Joynal has been missing for six years. His mother, Amena, has been trying to find him ever since and refuses to give up hope. She is our main character, and we have been following her since December 2019. Amena lives alone in a remote village and struggles to make a living as a day laborer. She also raises animals with the help of a women’s organization.

On her quest to find traces of Joynal, Amena encounters Abdus, who drives tomtoms (electric three-wheelers) on routes near her home village. Abdus is a human trafficking survivor. He had worked illegally in Malaysia for 5 years, before returning home with his earnings. He now runs a small transportation business, but remains haunted by his experience and agrees to help Amena on her search.

Together, Amena and Abdus visit different people and places to find traces of Joynal or clues to his fate. They travel to the location from where Joynal set off on his journey – it is hard to believe that this beautiful beach could be the beginning of a nightmare. Next, Amena confronts Amanullah, the trafficker who arranged Joynal’s boat journey and recently returned to Bangladesh. He denies any involvement and physically threatens her. She reports the incident to the police but is told that she does not have enough money to pursue the case. Desperate, Amena visits a Buddhist monastery to seek spiritual advice. A bald-headed monk states that there have been cases of people returning after twenty years, and advises Amena to wait for fifteen years. She leaves the monastery and returns home.

Amena’s hopes of finding Joynal are reignited, when a friend forwards her an article from a prominent national newspaper, featuring pictures of four Bangladeshi migrants imprisoned in Malaysia. One of the men bears an eerie resemblance to Joynal. We will accompany Amena and Abdus with our cameras as they chase down this new clue and meet representatives from an NGO that offered to bail out the imprisoned men.

Director’s Statement

The inspiration for this film came from an encounter we had on a trip to southern Bangladesh in November 2019. In the village of Ramu, we met a woman who asked us to help her find her son. We learned that he had been a victim of human trafficking, and were deeply moved by her plea and desire to find any trace or proof of life. We returned to city life and started researching illegal boat journeys to Malaysia, asking different people about the process and major routes. The mother’s request had made a strong impact on us, and we started to visualize the story of a character-driven documentary. One month later, we returned to Ramu for our first interviews. We were able to make connections and gain the trust of the locals, ensuring exclusive access to our story. On our next visit, we met our second protagonist, a tomtom (electric three-wheeler) driver who survived the boat journey to Malaysia and is now helping the mother. By telling the story of victims’ parents as well as a (rare) survivor, our goal is to expose the terrible suffering human trafficking is inflicting upon communities in our region.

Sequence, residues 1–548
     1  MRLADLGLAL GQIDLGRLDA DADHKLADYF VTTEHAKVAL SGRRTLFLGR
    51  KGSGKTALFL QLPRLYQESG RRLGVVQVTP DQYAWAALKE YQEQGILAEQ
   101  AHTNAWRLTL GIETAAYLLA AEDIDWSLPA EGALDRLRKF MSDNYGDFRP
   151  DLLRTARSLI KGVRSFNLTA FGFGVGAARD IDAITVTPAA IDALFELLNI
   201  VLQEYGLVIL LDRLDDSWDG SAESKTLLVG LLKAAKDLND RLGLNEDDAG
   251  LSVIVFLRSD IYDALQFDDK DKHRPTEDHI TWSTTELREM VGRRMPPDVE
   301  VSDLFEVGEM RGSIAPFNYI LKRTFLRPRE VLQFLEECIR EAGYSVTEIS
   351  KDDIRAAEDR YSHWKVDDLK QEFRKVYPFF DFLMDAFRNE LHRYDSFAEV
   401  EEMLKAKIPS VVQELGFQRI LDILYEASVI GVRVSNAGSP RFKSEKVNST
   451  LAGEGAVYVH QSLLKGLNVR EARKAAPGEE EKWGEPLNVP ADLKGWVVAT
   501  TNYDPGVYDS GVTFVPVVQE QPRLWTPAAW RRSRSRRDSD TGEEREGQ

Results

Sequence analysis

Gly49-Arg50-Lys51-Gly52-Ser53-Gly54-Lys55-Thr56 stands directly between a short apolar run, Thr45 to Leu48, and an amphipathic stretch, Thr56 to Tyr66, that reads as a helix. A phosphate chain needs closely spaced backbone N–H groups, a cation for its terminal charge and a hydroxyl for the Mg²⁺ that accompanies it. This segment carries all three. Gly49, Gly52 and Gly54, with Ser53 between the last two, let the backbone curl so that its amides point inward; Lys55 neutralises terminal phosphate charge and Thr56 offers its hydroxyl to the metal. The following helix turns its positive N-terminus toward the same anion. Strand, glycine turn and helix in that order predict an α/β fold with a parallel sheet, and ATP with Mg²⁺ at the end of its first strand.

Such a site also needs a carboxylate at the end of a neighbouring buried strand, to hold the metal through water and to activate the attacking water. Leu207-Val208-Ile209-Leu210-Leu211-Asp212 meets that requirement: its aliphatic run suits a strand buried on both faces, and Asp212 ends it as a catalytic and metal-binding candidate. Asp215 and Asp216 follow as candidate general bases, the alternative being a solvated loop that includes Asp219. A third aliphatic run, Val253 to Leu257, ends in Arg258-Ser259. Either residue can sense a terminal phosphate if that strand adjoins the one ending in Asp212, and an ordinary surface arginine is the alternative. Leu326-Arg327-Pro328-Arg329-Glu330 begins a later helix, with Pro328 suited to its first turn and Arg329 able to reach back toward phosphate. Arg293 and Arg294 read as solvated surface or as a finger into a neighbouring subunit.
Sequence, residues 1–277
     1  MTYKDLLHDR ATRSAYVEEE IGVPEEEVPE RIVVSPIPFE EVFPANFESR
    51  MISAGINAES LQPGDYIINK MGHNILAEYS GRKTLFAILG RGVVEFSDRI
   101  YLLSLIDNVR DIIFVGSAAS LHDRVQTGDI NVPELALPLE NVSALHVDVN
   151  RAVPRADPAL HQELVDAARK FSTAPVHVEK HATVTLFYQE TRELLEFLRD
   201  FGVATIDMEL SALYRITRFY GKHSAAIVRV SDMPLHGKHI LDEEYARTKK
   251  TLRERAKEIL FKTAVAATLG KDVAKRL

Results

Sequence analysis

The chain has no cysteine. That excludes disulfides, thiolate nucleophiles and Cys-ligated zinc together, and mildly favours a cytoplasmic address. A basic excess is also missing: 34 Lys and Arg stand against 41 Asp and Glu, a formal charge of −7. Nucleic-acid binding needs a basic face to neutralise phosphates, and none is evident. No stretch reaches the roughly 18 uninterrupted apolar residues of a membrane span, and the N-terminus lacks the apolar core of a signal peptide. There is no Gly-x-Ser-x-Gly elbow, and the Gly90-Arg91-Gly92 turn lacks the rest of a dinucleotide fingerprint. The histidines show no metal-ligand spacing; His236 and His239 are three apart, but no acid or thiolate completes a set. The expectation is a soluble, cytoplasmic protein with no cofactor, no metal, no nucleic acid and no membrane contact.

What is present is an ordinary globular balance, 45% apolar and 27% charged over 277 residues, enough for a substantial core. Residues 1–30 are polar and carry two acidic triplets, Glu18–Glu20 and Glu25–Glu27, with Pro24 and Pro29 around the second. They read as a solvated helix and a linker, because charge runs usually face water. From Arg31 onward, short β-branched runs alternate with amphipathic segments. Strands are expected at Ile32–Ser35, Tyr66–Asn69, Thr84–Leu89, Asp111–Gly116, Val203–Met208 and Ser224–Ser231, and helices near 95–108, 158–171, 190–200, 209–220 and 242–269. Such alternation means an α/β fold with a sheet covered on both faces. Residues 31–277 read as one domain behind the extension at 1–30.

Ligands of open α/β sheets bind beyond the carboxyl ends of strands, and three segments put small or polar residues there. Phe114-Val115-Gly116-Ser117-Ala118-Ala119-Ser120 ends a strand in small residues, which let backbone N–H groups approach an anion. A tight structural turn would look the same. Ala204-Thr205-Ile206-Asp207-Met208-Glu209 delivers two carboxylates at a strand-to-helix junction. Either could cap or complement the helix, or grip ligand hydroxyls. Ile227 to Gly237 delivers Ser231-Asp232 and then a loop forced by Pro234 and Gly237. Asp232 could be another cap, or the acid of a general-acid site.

Ghost Boat combines a follow-style documentary approach with artistically composed land- and seascape imagery. The audience is able to view the characters’ experiences as they happen through cinema verité scenes with passionate and unfiltered dialogue. These scenes are intercut with stunning and often foreboding images symbolizing the lethal journey to Malaysia, such as a shot of two boats on a vast beach, framed to evoke the image of devil’s horns. Our visual language also focuses on creating presence through absence; our character’s missing son, though the focus of the film, only appears through faded photographs and the images evoked in his mother’s memories.


Joynal is one of many young Bangladeshi men, who left their country in search of a better life. Human traffickers lured him onto a dangerous boat journey from his coastal home village in Cox’s Bazar district to Malaysia, promising economic opportunity and an escape from poverty. The traffickers cram their victims into small boats to make a dangerous voyage across the Bay of Bengal. Many perish during the journey or end up criminalized and imprisoned in Malaysia.

Joynal has been missing for six years. His mother, Amena, has been trying to find him ever since and refuses to give up hope. She is our main character, and we have been following her since December 2019. Amena lives alone in the remote village of Shonaichori, situated in Naikkhongchori, Bandarban. She struggles to make a living as a day laborer, working in the nearby tobacco and paddy fields. She also raises chickens, goats, and cows with the help of a women’s organization.

The story of Ghost Boat is told in an intimate cinema verité style. Early on, the audience witnesses we see Amena sitting in front of a clay stove, as she speaks on the phone to a relative in the city, asking for news or information about Bangladeshi migrants in Malaysian and Indonesian jails.

On her quest to find traces of Joynal, Amena encounters Abdus, who drives tomtoms (electric three-wheelers) on routes near her home village. Abdus is a human trafficking survivor and among the few who safely returned following their ordeal. He had lived and worked illegally in Malaysia for 5 years, before coming home to Bangladesh with his earnings. He now runs a small transportation business, operating three tomtoms, but remains haunted by his jarring experience. As a survivor, he fears that Joynal died during the sea voyage; otherwise he would have been in contact with his mother by phone, even if he were in jail. But Abdus still agrees to help Amena on her search.